Lee Chandler and Patrick Chandler are men who are in tremendous amount of pain. Lee has lost his three children in a fire that he accidentally caused. Patrick lost his father at the age of 16 and his father at the age of 45. Patrick’s mother is an alcoholic and at that stage, Patrick and Lee only truly have each other as far as family is concerned. The only other surviving relatives living in Minnesota.

Lee has serious anger issues that he is not dealing with. He starts bar fights at the drop of a hat, drinks nightly, has dealt with serious depression, lashes out at anyone who gets near him, and is emotionally distant to just about anyone he meets… Especially women who might have a romantic interest in him.

Patrick has some serious issues as well. When he initially hears about his father’s death, he doesn’t break down in tears but remains somewhat stoic. He hangs out with his friends for comfort and generally continues to live his life while attempting to remain distant from his father’s corpse and subsequent funerary necessities. One of the most brilliant scenes in the movie is when Patrick is looking for food in the fridge and has a panic attack because the food wouldn’t fit into the freezer. This is brought on by the fact that Joe is unable to be buried until the spring due to the ground being frozen and his father’s body being left in a freezer. It is an emotionally impactful scene that is both painful and breathtaking in its realism.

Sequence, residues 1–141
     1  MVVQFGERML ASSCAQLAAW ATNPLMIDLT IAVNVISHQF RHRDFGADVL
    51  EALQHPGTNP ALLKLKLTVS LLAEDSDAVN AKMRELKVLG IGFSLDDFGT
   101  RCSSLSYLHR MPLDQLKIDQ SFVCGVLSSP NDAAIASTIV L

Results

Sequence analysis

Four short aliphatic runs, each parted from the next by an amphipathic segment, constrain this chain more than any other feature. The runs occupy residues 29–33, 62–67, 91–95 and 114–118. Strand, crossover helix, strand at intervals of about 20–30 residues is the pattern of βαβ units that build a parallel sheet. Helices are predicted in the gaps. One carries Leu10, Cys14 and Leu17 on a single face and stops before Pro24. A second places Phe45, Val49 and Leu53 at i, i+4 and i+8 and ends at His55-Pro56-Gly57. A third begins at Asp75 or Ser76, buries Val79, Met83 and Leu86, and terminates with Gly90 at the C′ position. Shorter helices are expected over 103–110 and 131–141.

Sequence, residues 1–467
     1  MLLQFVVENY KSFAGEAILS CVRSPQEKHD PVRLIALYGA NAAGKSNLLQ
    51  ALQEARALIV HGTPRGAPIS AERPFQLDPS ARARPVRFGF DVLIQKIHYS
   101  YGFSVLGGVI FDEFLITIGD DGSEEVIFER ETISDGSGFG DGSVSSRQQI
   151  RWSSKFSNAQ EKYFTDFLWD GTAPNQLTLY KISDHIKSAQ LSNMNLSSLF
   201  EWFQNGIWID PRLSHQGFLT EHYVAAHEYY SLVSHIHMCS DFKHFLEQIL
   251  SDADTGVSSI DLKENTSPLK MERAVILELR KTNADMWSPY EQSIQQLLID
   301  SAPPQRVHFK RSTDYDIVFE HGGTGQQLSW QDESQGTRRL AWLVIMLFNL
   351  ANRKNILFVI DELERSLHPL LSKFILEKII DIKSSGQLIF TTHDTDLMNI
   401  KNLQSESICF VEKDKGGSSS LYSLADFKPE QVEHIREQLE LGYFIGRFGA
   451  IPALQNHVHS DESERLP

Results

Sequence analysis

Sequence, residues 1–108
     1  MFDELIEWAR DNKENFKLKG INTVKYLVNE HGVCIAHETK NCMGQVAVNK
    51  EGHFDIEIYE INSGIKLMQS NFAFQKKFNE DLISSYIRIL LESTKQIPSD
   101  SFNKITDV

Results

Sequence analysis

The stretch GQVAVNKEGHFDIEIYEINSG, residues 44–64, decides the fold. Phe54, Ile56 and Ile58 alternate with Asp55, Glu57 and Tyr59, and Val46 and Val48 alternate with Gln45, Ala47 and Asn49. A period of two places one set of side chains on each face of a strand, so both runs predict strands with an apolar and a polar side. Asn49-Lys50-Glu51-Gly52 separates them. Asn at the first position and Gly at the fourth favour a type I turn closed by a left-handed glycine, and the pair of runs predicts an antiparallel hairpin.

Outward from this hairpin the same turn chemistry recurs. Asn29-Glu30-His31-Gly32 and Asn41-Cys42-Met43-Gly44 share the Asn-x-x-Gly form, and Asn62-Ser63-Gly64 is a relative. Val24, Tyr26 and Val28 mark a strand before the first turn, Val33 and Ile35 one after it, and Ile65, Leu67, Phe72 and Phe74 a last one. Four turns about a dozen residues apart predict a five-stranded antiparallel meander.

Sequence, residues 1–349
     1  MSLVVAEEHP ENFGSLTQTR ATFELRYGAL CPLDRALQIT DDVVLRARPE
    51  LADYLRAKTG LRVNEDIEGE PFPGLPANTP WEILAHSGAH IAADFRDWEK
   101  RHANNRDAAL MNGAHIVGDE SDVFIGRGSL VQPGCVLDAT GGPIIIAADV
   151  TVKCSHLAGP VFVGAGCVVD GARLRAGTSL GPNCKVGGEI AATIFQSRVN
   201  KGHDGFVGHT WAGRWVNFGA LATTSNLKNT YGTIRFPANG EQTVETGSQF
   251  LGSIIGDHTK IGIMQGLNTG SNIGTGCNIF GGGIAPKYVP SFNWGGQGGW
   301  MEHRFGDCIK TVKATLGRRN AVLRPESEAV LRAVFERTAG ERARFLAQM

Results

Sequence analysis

At the end of the film, both men clearly are not magically healed by the love of some woman or through the power of fixing a boat. Lee still has his anger issues and Patrick is still having trouble bottling emotions. But that is reality and there is a satisfaction in knowing that both men will be fine in the grand scheme of things and will have each other for the next two years as Patrick turns 18 and becomes legally able to care for himself.


This movie is astonishing and easily one of, if not THE movie of 2016. Casey Affleck is amazing in his performance. The movie is well written and a breath-taking story about the emotion of loss and tragedy. From direction, sound, acting, and script this movie is a perfect storm of filmmaking brilliance.

Final Score 5/5

Thank you for reading! Come back in the next week to check out the Best and Worst Video Games of 2016 and the Best and Worst Movies of 2016.

3 thoughts on “Tanner Reviews Manchester by the Sea”

  1. Here’s something mind blowing.
    Ever heard of Nickelodeon’s Doug?
    The writer of this movie (who won the Oscar for best screenplay) wrote an episode called Doug Throws A Party.